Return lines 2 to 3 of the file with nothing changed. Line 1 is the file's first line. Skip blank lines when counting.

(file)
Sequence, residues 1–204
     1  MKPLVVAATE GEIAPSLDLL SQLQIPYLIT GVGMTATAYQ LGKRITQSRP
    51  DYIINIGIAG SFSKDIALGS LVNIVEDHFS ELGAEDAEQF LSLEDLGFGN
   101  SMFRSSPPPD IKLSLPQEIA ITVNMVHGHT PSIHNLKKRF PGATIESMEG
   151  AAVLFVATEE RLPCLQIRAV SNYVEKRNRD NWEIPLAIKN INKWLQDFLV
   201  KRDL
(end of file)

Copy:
     1  MKPLVVAATE GEIAPSLDLL SQLQIPYLIT GVGMTATAYQ LGKRITQSRP
    51  DYIINIGIAG SFSKDIALGS LVNIVEDHFS ELGAEDAEQF LSLEDLGFGN